Auvergne's volcanoes finally granted Unesco World Heritage status

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Auvergne's volcanoes finally granted Unesco World Heritage status
Photo: AFP

The range of 80 dormant volcanoes in central France known as the Chaîne des Puys has (finally) been granted World Heritage status by Unesco. The chain of volcanoes becomes mainland France's first natural Heritage site.


The Chaîne des Puys, which includes as many as 80 dormant volcanoes, stretch over an area of 45 km in the northern Massif Central to the west of the central French city of Clermont-Ferrand.

Authorities in the region have long been trying to convince Unesco that they're worthy of World Heritage status and their pleas were finally heard on Monday.

The Unesco committee which met in Bahrain at the weekend have granted their wish, meaning the Chaîne des Puys and the 3,000 metre deep Limagne fault are officially France's 44th World Heritage site.

The range's highest point is the iconic lava dome of Puy de Dôme, which stands at 1,465 metres high and towers over Clermont-Ferrand and is located in the middle of the chain.

Since 2012 visitors have been able to take a train to the top of its peak.

According to the source of all knowledge Wikipedia, the last eruption of a volcano in the Chaîne des Puys was believed to be around 4040 BC so well over 6,000 years ago. However the volcanoes are officially classed as dormant, rather than extinct, which in theory means they could violently erupt at some point in the future.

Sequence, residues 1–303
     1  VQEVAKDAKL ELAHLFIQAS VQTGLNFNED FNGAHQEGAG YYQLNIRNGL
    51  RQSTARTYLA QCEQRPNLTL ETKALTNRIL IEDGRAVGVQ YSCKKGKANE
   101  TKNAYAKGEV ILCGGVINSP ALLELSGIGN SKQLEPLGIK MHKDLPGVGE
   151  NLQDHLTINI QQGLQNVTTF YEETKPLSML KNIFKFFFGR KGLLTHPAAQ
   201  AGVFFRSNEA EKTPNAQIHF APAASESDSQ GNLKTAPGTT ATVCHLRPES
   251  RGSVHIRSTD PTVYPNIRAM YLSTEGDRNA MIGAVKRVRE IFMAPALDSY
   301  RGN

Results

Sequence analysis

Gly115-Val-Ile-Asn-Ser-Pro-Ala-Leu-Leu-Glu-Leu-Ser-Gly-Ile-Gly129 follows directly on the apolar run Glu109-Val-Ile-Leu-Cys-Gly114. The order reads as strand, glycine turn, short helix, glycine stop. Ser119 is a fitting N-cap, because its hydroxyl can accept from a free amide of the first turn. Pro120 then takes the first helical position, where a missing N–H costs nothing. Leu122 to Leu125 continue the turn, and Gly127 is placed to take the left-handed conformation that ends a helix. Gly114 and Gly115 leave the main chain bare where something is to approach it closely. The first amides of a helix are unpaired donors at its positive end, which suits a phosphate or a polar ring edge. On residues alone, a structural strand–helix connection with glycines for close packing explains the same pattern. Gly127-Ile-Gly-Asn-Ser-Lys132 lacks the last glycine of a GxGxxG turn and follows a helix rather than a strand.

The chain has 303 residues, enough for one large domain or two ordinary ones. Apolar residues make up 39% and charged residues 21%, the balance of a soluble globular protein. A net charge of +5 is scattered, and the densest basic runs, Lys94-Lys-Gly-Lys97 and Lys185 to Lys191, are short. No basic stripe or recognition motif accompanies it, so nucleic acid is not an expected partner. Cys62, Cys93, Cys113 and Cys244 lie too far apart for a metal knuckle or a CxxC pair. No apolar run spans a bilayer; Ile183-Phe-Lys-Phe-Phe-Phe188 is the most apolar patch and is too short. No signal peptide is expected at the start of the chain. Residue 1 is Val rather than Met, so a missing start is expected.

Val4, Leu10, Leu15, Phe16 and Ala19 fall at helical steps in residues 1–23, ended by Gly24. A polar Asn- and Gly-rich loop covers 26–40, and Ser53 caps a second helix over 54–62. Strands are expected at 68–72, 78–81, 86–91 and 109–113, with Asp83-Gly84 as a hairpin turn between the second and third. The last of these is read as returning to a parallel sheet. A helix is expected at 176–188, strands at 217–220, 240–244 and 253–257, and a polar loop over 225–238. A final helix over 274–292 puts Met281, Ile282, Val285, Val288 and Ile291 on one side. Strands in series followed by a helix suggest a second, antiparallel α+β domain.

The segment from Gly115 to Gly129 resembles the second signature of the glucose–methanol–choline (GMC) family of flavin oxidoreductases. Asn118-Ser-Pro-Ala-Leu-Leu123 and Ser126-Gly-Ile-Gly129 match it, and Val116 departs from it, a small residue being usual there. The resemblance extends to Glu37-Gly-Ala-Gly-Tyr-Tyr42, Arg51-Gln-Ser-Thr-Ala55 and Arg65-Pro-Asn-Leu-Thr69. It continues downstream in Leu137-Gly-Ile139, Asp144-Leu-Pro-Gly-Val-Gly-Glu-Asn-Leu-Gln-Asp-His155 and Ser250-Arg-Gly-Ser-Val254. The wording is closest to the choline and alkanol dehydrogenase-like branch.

"The site is an outstanding example of continental disruption - or rifting - which is one of the five main stages of plate tectonics," said Unesco.

The International Union for Conservation of Nature (IUCN) which recommended to Unesco that they grant the range Heritage status said the chain of domes and cones and craters "exceptionally illustrates the processes and characteristics of the continental break, a fundamental phenomenon in the history of the Earth."

In the past, the IUCN had twice rejected France's application for World Heritage status to be granted to the Chaîne des Puys.

One of the reasons that held the candidature back was the human interference with the site, most notably the presence of a telecommunication antenna at the top of the Puy de Dome.

But Jean-Yves Gouttebel, the president of the Puy-de-Dôme departmental council told AFP that they had demonstrated the human interference had been vital for the protection of the site and without which the "volcanic forms would not be visible today".

Remarkably the Chaîne des Puys is the first natural World Heritage site in mainland France.

While there are natural Heritage sites in Corsica, New Caledonia and the island of Reunion plus the Mont Perdu which is shared with Spain, mainland France, until now, did not have one of its own, despite the natural beauty all around the country.

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